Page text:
Starting with Britain and the Netherlands, Europe began voting on Thursday for a new European Parliament, an election in which fringe parties of the right and left are expected to capitalize on low voter turnout and anger over immigration and anemic economies in the wake of the financial crisis. Results will not be officially announced until Sunday night but exit polls cited by Dutch media late on Thursday indicated that the far-right Party of Freedom, led by anti-immigration maverick Geert Wilders, had performed less well than forecast. In a 10-party Dutch race, Mr. Wilders’ party, weakened by campaign blunders and infighting, placed third or fourth behind solidly pro-European political forces, worse than its second place finish at the last European elections in 2009, Dutch media reported. Whether the expected success for the fringe parties elsewhere marks a lasting shift in Europe — or whether it will die away in future elections — the results may provide Europe’s extremists an outsized platform to influence the politics of their home nations and beyond. With centrist groups struggling to contain radicals on both flanks, the new parliament is expected to have more populist lawmakers than ever before from parties opposed to free trade and European integration.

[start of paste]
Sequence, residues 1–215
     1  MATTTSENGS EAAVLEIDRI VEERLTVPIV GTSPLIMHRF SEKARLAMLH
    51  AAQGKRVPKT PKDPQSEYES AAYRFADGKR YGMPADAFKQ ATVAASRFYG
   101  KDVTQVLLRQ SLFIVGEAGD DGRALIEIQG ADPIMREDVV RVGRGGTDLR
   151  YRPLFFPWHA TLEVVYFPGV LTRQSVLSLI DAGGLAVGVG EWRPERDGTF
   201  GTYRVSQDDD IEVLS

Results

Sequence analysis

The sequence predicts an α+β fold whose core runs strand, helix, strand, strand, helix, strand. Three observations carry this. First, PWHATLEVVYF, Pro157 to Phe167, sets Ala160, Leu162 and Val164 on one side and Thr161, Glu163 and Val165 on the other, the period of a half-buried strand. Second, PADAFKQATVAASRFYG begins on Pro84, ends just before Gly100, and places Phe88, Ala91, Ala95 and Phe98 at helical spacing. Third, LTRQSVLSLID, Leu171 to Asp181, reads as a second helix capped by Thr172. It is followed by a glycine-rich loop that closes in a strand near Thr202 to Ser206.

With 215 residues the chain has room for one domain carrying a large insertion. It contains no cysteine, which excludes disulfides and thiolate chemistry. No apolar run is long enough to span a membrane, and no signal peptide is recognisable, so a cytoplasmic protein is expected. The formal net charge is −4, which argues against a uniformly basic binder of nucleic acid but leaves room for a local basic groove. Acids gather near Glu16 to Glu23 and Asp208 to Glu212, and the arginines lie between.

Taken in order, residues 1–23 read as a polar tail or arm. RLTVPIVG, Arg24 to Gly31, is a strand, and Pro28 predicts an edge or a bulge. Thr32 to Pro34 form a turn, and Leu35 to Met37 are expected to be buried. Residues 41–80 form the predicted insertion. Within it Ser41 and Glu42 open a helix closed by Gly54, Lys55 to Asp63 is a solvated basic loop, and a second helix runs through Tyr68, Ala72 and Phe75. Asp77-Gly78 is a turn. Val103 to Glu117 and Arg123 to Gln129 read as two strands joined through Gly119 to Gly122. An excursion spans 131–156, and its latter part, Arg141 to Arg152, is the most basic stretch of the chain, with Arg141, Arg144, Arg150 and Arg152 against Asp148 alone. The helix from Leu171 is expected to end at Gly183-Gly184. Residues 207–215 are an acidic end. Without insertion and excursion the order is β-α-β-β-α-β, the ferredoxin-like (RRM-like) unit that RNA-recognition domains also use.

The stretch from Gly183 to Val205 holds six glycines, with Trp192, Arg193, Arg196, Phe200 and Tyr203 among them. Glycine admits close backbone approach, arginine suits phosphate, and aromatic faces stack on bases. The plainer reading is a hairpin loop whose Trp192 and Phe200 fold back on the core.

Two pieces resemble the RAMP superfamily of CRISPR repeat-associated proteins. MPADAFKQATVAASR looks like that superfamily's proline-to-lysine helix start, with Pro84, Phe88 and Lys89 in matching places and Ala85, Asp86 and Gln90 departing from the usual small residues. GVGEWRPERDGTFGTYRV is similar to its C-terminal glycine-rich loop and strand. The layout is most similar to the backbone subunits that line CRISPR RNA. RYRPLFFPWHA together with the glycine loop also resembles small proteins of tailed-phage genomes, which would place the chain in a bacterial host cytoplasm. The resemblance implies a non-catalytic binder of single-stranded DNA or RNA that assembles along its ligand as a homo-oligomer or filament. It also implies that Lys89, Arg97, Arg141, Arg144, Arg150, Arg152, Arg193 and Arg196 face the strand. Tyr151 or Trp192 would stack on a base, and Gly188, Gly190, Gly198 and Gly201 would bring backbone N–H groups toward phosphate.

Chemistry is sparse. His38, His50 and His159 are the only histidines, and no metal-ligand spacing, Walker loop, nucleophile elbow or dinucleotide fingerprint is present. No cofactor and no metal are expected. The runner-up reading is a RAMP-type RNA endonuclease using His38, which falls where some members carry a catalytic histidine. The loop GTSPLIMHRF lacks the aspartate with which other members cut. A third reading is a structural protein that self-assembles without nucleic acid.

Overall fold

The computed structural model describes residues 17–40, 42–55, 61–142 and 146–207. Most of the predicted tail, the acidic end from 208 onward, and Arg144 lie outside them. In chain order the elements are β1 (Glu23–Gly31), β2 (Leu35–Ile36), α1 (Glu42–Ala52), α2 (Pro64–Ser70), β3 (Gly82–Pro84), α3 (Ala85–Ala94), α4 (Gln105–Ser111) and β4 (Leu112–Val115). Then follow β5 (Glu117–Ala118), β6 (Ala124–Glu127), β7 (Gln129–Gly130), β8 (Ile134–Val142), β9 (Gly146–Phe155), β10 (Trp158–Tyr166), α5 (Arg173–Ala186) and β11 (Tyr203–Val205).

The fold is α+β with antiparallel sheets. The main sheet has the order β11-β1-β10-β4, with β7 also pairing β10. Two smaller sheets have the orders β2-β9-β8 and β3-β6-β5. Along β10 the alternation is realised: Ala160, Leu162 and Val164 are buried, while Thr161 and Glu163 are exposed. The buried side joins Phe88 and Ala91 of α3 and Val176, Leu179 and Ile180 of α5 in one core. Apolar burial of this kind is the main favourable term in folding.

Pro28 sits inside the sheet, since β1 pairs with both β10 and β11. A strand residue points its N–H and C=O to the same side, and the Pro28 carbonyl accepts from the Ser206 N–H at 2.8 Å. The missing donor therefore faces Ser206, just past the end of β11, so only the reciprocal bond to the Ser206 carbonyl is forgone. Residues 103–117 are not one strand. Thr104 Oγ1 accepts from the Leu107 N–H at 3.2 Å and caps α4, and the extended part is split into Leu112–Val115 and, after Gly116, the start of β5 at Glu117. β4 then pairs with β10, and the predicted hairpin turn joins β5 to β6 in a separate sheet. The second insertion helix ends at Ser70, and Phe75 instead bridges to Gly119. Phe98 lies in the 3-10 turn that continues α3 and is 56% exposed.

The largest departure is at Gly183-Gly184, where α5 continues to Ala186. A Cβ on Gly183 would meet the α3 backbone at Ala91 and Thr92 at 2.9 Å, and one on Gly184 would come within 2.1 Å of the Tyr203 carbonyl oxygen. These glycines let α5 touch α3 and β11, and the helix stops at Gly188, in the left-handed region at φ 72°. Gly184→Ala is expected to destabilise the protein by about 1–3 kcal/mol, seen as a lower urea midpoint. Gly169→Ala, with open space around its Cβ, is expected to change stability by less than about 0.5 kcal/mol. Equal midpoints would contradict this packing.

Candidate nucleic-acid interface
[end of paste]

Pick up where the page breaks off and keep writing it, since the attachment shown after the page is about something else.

One thing it may well do, for example, is derail a trans-Atlantic trade pact that both Washington and Brussels have been pushing as a spur to economic growth. The parliament has rejected agreements with the United States in the past, but nothing on this scale.
That prospect brings into focus the growing importance of an assembly that, according to opinion polls, nonetheless may have less public support than ever and has yet to escape its reputation as a refuge for has-beens and never-will-bes who would have trouble winning office in their home countries.
“The extremists risk exaggerating the reaction of the new parliament to the relative economic decline of Europe — not by making Europe more humble or cooperative — but by making it more confrontational and less willing to reciprocate,” said Fredrik Erixon, the director of the European Center for International Political Economy, a research group in Brussels. “That is a toxic mix for provoking big commercial fights with other parts of the world, including with the United States.”